AcmeBase Small Enterprise System
An Annotated Computer Repository for Digital Assets
The AcmeBase Small Enterprise System is a file repository intended to compliment cloud systems. It was originally designed for those who want to have physical possession of their digital assets.
AcmeBase is a system of several servers working together to provide:
- safe secured storage
- encrypted communications
- robust backups
- a knowledge base
- a web portal
There are two methods to access your files:
- Using file shares from the LAN.
- Using a portal website from the Internet, like DropBox or Box.
The AcmeBase system was assembled for a soft-goods manufacturer. A hundred people use the system on the LAN and over a dozen portals service their national and international contractors.
The AcmeBase system has been built with open source software. All programs are licensed under the Apache License, the MIT License, or where marked, the GNU GPL3. The system is implemented on Debian Linux servers.
There are no license fees. That is intentional. It greatly simplifies changes and preserves the longevity of a customizable system like the AcmeBase system.
The AcmeBase system was set up to be a secure repository. Issues addressed were:
- how to be resilient and repel attacks
- how to detect and contain an invasion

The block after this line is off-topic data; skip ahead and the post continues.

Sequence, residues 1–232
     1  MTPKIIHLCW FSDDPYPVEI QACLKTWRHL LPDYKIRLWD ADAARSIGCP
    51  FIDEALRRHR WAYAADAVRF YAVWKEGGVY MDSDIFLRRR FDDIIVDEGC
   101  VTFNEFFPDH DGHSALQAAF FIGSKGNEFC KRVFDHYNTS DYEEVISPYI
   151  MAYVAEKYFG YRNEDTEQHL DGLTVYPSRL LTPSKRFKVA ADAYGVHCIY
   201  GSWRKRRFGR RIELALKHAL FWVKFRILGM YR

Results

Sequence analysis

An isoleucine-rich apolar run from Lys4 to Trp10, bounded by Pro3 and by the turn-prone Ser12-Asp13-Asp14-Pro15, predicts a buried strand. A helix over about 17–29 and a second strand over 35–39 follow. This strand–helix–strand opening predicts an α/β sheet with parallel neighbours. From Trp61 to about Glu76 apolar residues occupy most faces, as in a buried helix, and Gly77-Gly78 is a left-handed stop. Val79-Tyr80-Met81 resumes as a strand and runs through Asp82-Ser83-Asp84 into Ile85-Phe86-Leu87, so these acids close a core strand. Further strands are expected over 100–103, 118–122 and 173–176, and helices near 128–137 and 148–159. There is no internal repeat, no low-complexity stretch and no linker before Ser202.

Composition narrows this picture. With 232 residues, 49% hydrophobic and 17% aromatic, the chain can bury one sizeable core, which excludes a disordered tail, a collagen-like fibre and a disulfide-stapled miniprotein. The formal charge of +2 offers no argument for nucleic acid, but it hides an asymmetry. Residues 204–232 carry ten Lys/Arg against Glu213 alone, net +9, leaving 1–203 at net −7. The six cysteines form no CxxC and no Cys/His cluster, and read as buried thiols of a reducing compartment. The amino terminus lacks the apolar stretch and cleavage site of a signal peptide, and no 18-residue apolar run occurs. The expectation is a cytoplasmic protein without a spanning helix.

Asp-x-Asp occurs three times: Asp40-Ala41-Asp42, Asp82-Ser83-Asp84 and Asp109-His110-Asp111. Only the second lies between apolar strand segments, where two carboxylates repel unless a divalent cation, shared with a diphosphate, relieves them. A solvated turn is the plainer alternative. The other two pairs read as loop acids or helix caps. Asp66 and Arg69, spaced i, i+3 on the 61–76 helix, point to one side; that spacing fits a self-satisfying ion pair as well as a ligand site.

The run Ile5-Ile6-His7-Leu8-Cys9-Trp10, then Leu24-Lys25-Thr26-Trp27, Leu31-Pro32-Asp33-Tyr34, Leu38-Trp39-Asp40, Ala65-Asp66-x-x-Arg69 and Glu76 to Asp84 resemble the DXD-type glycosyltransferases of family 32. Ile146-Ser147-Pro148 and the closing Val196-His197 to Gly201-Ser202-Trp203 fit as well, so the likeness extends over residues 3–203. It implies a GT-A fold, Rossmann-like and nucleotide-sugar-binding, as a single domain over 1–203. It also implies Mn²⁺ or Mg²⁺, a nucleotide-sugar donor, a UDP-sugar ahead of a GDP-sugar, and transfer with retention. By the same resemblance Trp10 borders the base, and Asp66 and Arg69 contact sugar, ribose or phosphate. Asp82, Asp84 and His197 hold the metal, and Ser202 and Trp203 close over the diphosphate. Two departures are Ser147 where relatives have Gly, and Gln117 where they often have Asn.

- how to minimize dangers and the time to recover compromised servers
AcmeBase uses virtual servers as the basic "security realm" for the different functions of an enterprise system.
Each server is a stripped down server which performs a singular task. It makes rogue programs easier to spot. It also simplifies server upgrades and makes them more reliable.
All network communications are encrypted end-to-end. That includes server-to-server, pc-to-server, and server-to-internet communications.
Servers are automatically upgraded weekly.
File servers storing user files are segregated into three categories:
- Public servers — everyone in the enterprise can read the files but one must be a member of the file's workgroup to change it.
- Workgroup servers — one must be a member of the workgroup to be able to read or write the files.
- Private servers — files can only be seen or changed by the user.
Categorizing the file servers as such simplifies the technologies needed to implement a system like this.
Servers in the AcmeBase system are independent and do not connect or have control over each other. There is a control server and there is a backup server. Those servers connect to all the other servers but no other server connects to them. This organization helps restrain lateral movement of malware if a server is infected.
There are two exceptions: 1) the portal server connects to the file servers using a novel technique intended to isolate invasions to just the web server, and 2) the file servers connect to special read-only shares on the backup server to provide the user's view of their time machine backups.
The control server has a messaging system so other servers can ask for it's help performing privileged tasks such as sending files to the archive server.
Servers are configured to have only the minimal software required to perform their functions. Consequently, each server must be controlled from the command line.
The control server has a centralized repository of scripts that are used to monitor and control the other servers. The scripts are sent to the other servers to be executed as needed.
To assist the sysadmin manage all the servers, the control server has a web console.
The web console helps educate the sysadmin which